THE STORY OF THE `PINK `UN'

1888: Launched by the partnership of Jas Sheridan and brother. Ownership passes the same year to McRae, Curtice and Company, and then to Douglas McRae alone. Leopold Graham is editor for the first 6 months, McRae taking up that post also in 1889.

1890: The editorship passes in rapid succession to WR Lawson, Sydney Murray (1892), and then to AE Murray (1896).

1893: Printed for the first time on pink paper.

1905: Shipowner Sir John Ellerman emerges as the major shareholder.

1909: CH Palmer becomes editor.

1919: William and Gomer Berry, owners of the Sunday Times, buy the title.

1924: DST Hunter is appointed editor.

1932: Circulation drops dramatically to 19,121, from 31,441 in 1928.

1937: William Berry, now Lord Camrose, becomes the sole proprietor, and chooses Archie Chisholm as editor. Circulation rises again to 30,380.

1940: AG Cole, who presides over a decline in circulation to 12,050, is appointed editor.

1945: Cole is succeeded by Hargreaves Parkinson, as the title is bought by the Eyre Trust and merged with its rival of 60 years, the Financial News. By 1947, circulation rises to a new high of 68,305.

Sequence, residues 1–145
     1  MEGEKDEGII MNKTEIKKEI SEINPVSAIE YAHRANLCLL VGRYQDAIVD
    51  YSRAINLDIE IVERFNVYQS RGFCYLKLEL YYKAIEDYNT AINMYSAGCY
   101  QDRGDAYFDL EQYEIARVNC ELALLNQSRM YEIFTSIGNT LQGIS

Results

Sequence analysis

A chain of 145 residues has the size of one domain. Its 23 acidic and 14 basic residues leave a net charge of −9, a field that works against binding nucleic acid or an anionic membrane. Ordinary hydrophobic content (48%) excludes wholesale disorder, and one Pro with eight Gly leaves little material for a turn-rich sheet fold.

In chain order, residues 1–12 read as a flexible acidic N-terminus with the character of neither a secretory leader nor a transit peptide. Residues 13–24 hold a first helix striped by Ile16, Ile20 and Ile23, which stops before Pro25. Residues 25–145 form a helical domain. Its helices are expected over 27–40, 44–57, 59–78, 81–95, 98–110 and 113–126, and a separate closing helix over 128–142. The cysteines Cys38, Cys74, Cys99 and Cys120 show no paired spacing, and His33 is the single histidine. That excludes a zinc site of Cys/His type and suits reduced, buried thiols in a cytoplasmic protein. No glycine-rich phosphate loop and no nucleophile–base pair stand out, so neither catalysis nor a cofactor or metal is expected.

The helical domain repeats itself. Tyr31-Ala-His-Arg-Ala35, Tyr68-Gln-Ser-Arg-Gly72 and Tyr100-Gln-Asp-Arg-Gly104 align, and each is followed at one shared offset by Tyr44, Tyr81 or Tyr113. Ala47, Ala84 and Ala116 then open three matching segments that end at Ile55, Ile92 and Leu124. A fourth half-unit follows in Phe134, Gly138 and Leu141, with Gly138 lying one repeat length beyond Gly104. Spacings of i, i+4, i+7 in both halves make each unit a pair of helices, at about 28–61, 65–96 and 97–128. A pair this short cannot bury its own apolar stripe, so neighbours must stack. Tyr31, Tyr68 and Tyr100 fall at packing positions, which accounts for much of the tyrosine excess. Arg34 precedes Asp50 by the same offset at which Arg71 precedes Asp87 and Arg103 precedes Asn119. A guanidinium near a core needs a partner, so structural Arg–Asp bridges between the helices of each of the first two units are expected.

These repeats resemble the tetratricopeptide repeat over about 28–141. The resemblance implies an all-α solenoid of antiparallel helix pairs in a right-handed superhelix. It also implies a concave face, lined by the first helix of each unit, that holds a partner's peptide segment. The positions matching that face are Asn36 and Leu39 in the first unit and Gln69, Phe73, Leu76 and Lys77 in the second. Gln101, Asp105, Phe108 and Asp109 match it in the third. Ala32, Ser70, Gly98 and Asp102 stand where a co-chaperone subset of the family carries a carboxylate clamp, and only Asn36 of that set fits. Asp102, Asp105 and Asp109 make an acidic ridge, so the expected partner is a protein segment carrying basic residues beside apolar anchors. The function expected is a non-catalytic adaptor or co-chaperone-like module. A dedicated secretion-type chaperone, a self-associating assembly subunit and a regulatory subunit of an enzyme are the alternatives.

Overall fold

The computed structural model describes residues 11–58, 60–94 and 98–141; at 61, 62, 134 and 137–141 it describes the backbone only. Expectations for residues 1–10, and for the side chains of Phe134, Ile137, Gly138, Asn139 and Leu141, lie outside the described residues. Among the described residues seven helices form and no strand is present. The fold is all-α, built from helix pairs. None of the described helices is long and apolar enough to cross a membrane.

1949: The editorship goes to Gordon Newton.

1951: Graphic designer Abram Games creates the celebrated poster advert featuring a "walking newspaper", with pin-striped trousers, rolled-up umbrella and briefcase.

1957: The newspaper is bought by its current owners, Pearson.

1959: Having risen continuously since 1950, circulation crashes through the 100,000 barrier and rises to 172,000 by the end of the Sixties.

1973: Fredy Fisher becomes editor.

1979: Having veered between 170,000 and 194,000 during the Seventies, circulation reaches 204,599, and a Frankfurt edition is launched.

1981: Geoffrey Owen appointed editor.

1983: New ad campaign, with the successful "No FT ... no comment" slogan.

1985: International expansion continues with the launch of a New York edition.

1986: Circulation leaps to 252,895, from 231,514 the previous year, and continues to increase into the Nineties.

1991: Richard Lambert becomes editor.

1995: Circulation stands at around 295,000. The edition of Saturday 20 April refers to itself as the Weekend FT, in anticipation of competition from Tom Rubython's new Sunday Business title.

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